Florenz Knauer is having quite a BC Superweek so far.
Not only did the German-born cyclist capture first place at the inaugural New West Grand Prix Tuesday, the 28-year-old – who has been a fixture at Superweek events, including this weekend’s Tour de White Rock – also got engaged, proposing to his girlfriend on stage at the Grand Prix’s medal ceremony.
“Actually, I had it planned for Gastown (Wednesday), but after the win today, I had to do it. Tomorrow I might have crashed or something,” he quipped after getting down on one knee.
Knauer’s soon-to-be-bride, Alisha, is the daughter of parents who served as Knauer’s billet family during his first-ever trip to Superweek in 2012.
Knauer finished 40-lap New West circuit in one hour, four minutes, and 17 seconds. With multiple podium appearances over the years, including a third place finish in last Friday’s Tour de Delta MK Delta Lands Criterium and Tuesday’s win, the BC Superweek series has a special place in his heart.
“The series means a lot to me, I always have success here, and it helped me meet Alisha. It means a lot,” he said.
Knauer will look to keep the good times rolling this weekend on the Semiahmoo Peninsula, when the two-day Tour de White Rock is staged, beginning with the criterium Saturday in the city’s uptown neighbourhood. The second leg of the series, Sunday’s Peace Arch News Road Race, is Sunday morning along Marine Drive.
And though he comes into the weekend on a hot streak, Knauer – who won White Rock’s overall omnium title in 2012 – will have no shortage of tough competition as he and his fellow riders traverse the hilly White Rock course. Saturday’s criterium will see cyclists pedal laps on a one-km loop, while Sunday’s race is a much longer endeavour – multiple laps of a 10-km route, for 134 km in total. The women’s race is 80 km.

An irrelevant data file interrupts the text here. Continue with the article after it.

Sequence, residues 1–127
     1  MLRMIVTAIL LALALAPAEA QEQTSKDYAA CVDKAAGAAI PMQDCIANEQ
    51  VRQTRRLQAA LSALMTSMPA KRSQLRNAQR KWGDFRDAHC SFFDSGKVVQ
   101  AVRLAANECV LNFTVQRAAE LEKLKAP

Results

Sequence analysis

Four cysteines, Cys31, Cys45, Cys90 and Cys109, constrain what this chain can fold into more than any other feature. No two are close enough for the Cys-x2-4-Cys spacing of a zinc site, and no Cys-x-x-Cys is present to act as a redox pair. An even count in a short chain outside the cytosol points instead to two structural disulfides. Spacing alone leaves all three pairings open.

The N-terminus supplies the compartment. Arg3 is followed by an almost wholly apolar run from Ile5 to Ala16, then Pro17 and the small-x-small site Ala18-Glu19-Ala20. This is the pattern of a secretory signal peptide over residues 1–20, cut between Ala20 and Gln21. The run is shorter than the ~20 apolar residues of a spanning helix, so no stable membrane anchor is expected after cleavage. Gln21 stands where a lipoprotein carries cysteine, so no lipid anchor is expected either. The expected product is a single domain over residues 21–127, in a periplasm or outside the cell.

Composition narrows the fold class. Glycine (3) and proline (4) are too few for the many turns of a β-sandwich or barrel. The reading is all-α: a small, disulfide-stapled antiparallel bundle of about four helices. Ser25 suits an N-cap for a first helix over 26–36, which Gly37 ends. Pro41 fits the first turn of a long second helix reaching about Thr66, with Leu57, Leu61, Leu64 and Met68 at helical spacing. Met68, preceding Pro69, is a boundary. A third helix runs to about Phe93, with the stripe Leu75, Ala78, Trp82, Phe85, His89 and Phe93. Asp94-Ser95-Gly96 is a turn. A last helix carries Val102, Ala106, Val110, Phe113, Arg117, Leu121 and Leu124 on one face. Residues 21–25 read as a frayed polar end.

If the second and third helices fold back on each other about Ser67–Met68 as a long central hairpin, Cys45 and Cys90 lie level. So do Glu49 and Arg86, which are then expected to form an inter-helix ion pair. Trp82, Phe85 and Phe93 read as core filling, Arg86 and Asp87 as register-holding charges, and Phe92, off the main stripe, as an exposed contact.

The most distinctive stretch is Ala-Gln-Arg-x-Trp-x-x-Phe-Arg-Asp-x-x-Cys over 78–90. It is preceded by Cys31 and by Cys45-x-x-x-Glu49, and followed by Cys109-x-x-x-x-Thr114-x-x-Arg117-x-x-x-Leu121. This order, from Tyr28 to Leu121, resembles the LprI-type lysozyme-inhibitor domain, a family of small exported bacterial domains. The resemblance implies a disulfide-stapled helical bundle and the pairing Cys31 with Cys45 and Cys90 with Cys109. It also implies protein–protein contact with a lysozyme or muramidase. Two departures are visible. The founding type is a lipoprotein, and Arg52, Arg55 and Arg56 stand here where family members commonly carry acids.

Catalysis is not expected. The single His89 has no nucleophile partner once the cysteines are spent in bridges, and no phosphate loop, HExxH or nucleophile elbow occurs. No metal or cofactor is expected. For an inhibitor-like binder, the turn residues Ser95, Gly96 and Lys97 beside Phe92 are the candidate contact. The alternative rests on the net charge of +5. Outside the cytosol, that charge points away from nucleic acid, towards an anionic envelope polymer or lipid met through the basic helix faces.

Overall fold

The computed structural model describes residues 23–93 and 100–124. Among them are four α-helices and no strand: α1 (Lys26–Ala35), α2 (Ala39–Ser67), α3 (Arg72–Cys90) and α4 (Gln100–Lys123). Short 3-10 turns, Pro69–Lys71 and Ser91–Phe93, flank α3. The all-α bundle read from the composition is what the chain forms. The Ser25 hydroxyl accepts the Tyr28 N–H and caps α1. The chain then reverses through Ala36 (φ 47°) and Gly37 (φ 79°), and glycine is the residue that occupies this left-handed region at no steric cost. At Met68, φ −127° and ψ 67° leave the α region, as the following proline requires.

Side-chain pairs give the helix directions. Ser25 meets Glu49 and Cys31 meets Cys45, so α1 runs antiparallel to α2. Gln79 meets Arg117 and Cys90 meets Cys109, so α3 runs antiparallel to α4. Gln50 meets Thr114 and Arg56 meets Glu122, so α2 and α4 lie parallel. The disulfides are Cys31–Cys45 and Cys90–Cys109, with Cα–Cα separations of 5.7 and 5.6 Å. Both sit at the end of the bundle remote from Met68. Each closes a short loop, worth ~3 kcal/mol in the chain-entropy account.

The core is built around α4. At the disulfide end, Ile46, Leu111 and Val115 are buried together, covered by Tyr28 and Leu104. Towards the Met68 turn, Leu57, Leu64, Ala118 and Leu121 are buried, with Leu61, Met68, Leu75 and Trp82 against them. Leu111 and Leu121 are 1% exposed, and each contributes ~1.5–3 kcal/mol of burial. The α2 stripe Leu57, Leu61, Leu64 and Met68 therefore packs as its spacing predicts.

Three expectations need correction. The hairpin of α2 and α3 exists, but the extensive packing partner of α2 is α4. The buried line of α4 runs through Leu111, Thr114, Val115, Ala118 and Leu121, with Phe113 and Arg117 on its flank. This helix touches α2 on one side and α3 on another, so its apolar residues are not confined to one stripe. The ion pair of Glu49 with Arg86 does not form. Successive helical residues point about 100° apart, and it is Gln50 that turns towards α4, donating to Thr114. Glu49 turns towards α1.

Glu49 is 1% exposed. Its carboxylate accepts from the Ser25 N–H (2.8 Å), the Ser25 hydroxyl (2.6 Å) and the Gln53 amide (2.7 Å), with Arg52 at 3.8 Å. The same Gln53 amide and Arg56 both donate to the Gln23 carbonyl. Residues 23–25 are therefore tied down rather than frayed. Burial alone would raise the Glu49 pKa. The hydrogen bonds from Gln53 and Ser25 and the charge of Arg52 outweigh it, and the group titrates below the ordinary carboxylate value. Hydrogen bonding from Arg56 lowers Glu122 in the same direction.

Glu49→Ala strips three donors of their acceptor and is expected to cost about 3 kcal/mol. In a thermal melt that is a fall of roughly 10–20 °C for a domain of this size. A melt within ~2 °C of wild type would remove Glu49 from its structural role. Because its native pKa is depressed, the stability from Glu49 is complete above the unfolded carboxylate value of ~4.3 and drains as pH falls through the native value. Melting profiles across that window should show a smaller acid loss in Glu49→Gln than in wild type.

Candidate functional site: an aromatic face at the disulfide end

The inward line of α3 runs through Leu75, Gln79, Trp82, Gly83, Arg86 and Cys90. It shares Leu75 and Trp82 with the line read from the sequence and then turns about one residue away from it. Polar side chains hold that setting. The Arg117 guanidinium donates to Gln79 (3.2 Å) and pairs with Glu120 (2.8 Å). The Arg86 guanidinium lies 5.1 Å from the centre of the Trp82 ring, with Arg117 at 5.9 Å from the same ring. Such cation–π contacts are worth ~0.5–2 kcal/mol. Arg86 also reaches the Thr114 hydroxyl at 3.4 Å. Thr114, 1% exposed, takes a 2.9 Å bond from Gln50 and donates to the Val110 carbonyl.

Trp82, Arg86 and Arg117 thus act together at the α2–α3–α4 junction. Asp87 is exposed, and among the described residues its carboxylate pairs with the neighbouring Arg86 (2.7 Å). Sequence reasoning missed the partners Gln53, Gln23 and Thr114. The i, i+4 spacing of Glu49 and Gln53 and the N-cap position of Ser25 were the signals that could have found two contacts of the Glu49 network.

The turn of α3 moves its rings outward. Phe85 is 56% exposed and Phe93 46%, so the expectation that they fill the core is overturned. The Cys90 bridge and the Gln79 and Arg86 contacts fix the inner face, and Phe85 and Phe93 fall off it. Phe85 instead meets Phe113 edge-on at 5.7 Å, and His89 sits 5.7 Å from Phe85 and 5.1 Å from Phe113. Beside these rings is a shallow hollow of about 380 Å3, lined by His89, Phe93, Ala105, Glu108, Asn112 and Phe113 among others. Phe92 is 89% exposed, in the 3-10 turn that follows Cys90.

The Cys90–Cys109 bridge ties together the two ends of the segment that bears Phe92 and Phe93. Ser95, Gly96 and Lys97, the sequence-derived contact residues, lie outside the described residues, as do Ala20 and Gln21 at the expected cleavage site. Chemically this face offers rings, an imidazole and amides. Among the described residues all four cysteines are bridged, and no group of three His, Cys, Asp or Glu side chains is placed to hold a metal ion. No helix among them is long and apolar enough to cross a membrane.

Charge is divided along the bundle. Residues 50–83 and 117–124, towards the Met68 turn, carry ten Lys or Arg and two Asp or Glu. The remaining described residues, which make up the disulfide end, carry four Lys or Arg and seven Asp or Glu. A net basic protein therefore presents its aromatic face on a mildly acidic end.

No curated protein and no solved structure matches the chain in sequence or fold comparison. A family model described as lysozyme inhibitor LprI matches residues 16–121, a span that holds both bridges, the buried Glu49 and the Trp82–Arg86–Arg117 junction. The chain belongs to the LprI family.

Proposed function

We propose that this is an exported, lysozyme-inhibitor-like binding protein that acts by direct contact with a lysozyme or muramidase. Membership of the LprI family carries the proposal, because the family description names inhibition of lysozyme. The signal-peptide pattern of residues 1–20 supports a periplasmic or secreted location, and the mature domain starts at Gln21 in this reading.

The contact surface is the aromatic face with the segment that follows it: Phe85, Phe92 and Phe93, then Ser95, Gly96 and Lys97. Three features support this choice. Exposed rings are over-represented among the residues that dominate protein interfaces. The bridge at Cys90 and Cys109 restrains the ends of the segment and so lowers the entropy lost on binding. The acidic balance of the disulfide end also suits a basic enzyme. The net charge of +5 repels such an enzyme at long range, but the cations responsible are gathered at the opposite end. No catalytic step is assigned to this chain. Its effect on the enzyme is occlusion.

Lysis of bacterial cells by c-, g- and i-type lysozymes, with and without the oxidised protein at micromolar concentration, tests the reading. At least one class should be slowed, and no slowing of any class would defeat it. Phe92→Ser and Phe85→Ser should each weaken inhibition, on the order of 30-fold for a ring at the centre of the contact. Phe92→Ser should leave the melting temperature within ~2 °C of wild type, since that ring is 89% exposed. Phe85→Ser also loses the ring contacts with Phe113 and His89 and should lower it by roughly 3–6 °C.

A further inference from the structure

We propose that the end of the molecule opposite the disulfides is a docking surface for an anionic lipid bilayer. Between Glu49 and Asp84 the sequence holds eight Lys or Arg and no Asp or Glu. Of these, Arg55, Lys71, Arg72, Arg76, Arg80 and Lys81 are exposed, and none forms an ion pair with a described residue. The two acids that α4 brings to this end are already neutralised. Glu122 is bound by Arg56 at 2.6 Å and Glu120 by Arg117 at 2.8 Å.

Among those expected to line up at the start line this weekend are Ryan Aitcheson, a 26-year-old Kitchener, Ont. native who should be a top contender Saturday. He made history last year when he become the first Canadian to win the USA CRITS Series, which consists of 10 races across the United States.
Steve Fisher, a Bellingham resident who rides for Canyon Bicyles, may also find himself ahead of the peleton this weekend. The BC Superweek veteran is a two-time winner at the Tour de Delta, and may be familiar to those in the Surrey cyclocross community, having won an event in the city in 2012.
In the women’s field – expected to be more than 60 riders strong this weekend – Kirsti Lay may be one to watch. The 29-year-old former speedskater has represented Canada multiple times on the world stage, and has a plethora of medals to her name, including gold at the 2015 Pan-Am Games, silver at the 2016 World Championships and bronze at the 2016 Summer Olympics in Rio.
Lay’s teammate with Rally Cycling, Allison Beveridge, is also on the Tour de White Rock’s official rider list, and comes to the city just a few weeks after winning the women’s Canadian road championships. Like Lay, she also won an Olympic bronze in 2016 in team pursuit.
Saturday’s criterium races begin at 4:30 p.m. with the men’s category 3/4 race, followed by the women at 5:30 p.m. and the men’s race at 6:30 p.m. A kid’s bike parade and race is set for earlier in the afternoon, at 3 p.m.
On Sunday, the road race begins at 9 a.m.
South Surrey cylclist Justine Clift won’t be in the field for this weekend’s Tour de White Rock – she’s currently battling neck injuries suffered during a race last September in St. Louis – but the Elgin Park Secondary grad is still hoping to make her presence felt this weekend on the waterfront.
Clift will be on hand to help her The Cyclery teammates – eight of whom are listed on the weekend’s rider list – but more importantly, will be promoting road safety as part of a partnership with the BC Cycling Coalition. Together, they hope to raise awareness of safer-passing laws in B.C., following the death last year of Clift’s teammate Ellen Watters, who was killed during a training ride after being struck by a motorist last December.
Clift and company are promoting a Safer Passing law, which would require vehicles to pass a “vulnerable road user” by at least 1.5 m. Currently, no specific distance is written into the law, Clift said.
“Having a real law with a real number can only help,” she said, adding that she’s had more than a few close calls with motorists herself through the years.
“Pretty much every time you go out on a ride, someone passes too close.”
For more on the BC Road Safety Law Reform Group, visit www.bccycling.ca/safer_passing